Photo by Kathryn Wlodarczyk
By Rye Druzin/// News Editor
The Pioneer Log: How do you think the students, the faculty and the institution as a whole have influenced you since you arrived?
President Barry Glassner: One way that I’ve been influenced can be seen in my recent commentary for the Chronicle of Higher Education. When I came to Lewis & Clark, I was a bit skeptical about some aspects of food culture—how people are prone to overthink their culinary choices. Through eating with students in the Bon and talking with them about food, I’ve become pleasantly surprised by how healthy their relationship with food actually is. I’m impressed by how thoughtful our students are about their food choices and about the ethical and political dimensions of food.
What also amazes me about our students is their sense of responsibility and empowerment. From our signature symposia to our a cappella scene and environmental initiatives, Lewis & Clark students step up and take charge of things.
My faculty colleagues never cease to inspire me. Their dedication to teaching, which earned us a place in the U.S. News top 15 colleges for undergraduate teaching, is exceptional, as is their path breaking research and artistic creations in a wide range of fields.
PL: What was your upbringing like? What are some fond memories that you have of your home and your youth?
BG: I grew up in Roanoke, Virginia, and I have fond memories of doing magic shows around the town as a child. My initial inspiration was a magician I saw at a birthday party when I was six, and I started getting books and teaching myself tricks. By the time I was 12, I was doing magic shows all over Roanoke. As a teenager, I was an officer in a national club for young magicians and went to magic conventions.
PL: What drove you to sociology and research and the field of higher education?
BG: I’ve always wanted a life of investigation, research and teaching—a life of the mind. When I was young, I would sometimes watch other children on the playground and try to figure out what they were up to. Later, I became interested in social problems and how they’re perceived—particularly trying to understand why people are needlessly frightened by certain things that are not nearly as threatening as they are made out to be.
I majored in journalism in college but took a range of courses in other disciplines as well. One of my sociology professors suggested that I consider going to graduate school in sociology, and the more I looked into it, the more appealing it was to me.
PL: Were there specific events in your life that, in your mind, served as catalysts to bringing you to where you are today?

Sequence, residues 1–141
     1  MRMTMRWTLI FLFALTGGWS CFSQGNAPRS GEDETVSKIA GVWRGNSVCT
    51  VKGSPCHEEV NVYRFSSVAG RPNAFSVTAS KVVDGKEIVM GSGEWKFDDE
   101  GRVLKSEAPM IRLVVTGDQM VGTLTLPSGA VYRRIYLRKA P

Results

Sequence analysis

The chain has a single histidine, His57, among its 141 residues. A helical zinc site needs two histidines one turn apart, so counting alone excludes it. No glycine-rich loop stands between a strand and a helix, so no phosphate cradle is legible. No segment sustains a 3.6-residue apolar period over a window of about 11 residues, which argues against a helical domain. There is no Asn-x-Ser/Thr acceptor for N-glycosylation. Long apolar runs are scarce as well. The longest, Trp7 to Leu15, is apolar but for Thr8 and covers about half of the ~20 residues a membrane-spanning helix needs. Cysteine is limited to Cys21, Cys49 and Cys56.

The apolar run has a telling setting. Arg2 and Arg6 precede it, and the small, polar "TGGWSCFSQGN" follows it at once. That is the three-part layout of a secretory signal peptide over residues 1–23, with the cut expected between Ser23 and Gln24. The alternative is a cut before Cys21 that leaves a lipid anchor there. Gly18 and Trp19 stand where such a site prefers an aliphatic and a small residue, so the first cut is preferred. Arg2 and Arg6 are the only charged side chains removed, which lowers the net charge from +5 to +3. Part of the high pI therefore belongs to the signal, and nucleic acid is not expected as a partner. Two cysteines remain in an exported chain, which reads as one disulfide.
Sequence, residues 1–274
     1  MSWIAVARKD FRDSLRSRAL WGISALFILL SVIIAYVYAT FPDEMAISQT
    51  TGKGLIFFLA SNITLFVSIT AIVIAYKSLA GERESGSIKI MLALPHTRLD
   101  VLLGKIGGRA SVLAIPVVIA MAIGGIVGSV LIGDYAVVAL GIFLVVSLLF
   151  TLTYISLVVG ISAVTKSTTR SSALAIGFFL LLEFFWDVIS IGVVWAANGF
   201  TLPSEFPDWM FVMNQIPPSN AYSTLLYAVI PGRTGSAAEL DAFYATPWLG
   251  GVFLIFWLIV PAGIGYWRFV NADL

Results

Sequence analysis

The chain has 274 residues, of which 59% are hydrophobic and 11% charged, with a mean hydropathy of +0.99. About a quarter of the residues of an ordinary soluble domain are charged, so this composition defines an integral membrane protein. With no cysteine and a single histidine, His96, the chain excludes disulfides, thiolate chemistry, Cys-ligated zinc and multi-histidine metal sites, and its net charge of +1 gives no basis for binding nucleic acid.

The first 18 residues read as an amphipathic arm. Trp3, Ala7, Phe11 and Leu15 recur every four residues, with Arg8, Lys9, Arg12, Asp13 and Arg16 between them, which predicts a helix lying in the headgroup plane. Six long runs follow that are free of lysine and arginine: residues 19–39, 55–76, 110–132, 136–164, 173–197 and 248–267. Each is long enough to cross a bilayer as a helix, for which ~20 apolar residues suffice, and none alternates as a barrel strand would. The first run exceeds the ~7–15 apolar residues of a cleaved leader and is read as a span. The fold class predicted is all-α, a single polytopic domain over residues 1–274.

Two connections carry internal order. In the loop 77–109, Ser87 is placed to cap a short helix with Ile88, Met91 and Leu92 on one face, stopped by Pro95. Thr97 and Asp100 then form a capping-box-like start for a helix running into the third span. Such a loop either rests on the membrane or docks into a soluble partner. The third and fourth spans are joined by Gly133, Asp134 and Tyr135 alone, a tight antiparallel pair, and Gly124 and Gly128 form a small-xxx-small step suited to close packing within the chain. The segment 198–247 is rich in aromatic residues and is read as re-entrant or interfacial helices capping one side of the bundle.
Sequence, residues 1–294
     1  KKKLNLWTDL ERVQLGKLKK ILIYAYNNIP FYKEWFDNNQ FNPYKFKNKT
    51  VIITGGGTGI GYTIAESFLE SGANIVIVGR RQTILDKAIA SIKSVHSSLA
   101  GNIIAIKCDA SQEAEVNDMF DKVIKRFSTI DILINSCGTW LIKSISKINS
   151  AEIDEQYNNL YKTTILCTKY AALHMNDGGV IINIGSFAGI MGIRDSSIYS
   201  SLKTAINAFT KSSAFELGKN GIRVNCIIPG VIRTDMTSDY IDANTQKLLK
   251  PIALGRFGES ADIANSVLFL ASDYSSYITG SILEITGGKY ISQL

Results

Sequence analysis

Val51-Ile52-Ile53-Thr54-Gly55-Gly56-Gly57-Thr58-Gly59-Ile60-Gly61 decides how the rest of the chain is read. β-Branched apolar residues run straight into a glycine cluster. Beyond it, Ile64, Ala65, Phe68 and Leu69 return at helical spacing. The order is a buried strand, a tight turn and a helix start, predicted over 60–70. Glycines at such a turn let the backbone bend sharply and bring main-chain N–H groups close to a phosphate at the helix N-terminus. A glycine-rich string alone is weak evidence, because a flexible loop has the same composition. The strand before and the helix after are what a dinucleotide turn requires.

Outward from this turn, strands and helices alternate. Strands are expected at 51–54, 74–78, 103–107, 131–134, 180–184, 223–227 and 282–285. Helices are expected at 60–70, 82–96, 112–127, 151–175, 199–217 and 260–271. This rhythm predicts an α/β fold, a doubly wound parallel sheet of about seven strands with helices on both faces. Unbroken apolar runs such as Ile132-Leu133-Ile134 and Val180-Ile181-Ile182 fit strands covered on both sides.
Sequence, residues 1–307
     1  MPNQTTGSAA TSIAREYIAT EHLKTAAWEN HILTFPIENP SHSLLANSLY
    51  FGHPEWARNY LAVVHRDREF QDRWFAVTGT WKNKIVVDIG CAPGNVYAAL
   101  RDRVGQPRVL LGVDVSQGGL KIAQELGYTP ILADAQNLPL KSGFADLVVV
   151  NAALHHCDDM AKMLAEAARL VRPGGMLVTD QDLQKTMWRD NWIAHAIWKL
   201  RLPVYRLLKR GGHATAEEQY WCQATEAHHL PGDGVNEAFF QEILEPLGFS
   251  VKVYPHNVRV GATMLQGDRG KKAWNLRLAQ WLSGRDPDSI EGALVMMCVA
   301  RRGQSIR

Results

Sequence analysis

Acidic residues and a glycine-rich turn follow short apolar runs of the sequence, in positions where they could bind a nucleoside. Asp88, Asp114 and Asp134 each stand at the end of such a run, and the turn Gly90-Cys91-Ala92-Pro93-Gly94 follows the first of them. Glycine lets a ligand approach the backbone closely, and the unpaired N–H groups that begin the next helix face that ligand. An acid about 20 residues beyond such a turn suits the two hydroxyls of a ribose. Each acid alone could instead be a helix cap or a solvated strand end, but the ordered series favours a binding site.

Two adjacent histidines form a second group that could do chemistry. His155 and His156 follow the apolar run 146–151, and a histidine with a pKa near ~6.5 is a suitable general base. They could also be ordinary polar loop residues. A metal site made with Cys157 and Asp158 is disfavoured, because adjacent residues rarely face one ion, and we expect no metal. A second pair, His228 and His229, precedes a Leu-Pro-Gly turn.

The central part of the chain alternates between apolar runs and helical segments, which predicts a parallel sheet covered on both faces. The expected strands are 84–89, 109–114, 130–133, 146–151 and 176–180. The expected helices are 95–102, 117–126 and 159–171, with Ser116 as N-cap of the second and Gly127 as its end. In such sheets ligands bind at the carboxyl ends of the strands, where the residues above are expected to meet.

BG: My father had a deep love of learning, but as an accountant and businessperson, he never quite understood the life of a professor. That said, his precision, self-discipline, work ethic, and commitment to the people who worked with him inspires me every day. My other main influences were great teachers I had in high school, college and graduate school.
PL: What is your favorite thing to do in Portland (on either a sunny or not-so-sunny day)?
BG: My wife and I are avid walkers and hikers, and can’t help but be moved by Portland’s natural beauty. The Japanese Garden will always be one of my favorite places to get inspired, and I take walks and hikes around the neighborhoods and parks near campus and far beyond.
I’m also a foodie at heart, so I love exploring Portland’s incredible culinary scene. When the weather’s nice, I also enjoy trips to our many farmers’ markets.
PL: As the President of the college, how would you like to see students involved in the growth of this institution? As they are the constituents that the college exists for, do they, in your opinion and practice, deserve a strong voice in decision making processes that are made on this campus pertaining to changes in things like, for example, meal plans, faculty and retention rates?
BG: First let me say generally that I think it’s great that students are very involved here and should be in all kinds of different areas and part of what I think is really encouraging about that is that students are so committed to the institution and to making it better and to working diligently when they are involved in these activities. On every search committee to hire a new faculty member in the College of Arts and Sciences, every time there is a recruitment of a professor in any of the departments, there is a student on that committee. That is, in my experience, not common throughout the academic world, so I think it’s great that students get a chance to do this and that the faculty on the committee and the Dean get to hear the students’ views of the candidates and of what kinds of positions [they think] the recruiting should be for.
PL: So you definitely see that students are involved and you see that as a valuable asset?
BG: Oh yeah, that was something that definitely attracted me to Lewis & Clark and it’s a great contribution.
PL: Where would you like to see Lewis & Clark go in the next few years? What are your goals for the student body and the institution as a whole, and how do you view your role in any change to the institution?
BG: When you look at the directions laid out on our current strategic planning process, you’ll have a good sense of where we’re heading. Lewis & Clark is going to be the school of choice for Portland, the Northwest and well beyond. We will continue to engage in curricular innovation, pursue new faculty initiatives and assemble a student body in all three schools that is the envy of other colleges and universities. We will be the school to turn to—regionally, nationally and internationally—when it comes to innovative ideas in higher education.
Part of my job as the president is to get out there and raise visibility and funds, form strategic partnerships, and strengthen relationships with the people and organizations that can help us move us forward.